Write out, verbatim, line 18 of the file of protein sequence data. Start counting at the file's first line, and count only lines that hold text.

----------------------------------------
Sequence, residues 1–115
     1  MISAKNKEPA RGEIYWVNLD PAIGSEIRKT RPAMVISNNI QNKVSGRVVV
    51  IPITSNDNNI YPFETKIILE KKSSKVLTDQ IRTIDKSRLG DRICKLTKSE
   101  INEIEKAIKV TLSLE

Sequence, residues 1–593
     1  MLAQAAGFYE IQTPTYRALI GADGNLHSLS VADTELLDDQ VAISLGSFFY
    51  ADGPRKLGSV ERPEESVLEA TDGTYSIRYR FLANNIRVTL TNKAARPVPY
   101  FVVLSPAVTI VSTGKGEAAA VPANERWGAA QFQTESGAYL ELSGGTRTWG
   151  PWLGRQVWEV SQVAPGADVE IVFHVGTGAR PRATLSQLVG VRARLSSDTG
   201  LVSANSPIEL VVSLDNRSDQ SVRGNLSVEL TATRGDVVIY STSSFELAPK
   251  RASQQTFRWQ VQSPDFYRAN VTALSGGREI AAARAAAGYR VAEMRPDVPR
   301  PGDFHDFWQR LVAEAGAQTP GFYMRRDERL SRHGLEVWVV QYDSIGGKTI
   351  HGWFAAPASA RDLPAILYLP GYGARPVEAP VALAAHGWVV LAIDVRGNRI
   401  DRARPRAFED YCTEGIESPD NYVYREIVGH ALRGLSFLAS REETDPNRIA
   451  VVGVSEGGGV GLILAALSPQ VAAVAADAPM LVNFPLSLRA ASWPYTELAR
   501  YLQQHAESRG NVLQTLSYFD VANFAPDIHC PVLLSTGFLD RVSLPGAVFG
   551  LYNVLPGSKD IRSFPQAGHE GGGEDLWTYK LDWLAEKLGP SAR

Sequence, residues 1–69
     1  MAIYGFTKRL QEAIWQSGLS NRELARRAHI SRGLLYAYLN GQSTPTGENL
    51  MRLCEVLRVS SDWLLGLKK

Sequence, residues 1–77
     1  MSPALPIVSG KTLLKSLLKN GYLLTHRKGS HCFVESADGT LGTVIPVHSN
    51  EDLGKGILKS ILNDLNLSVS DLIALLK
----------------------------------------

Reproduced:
Sequence, residues 1–69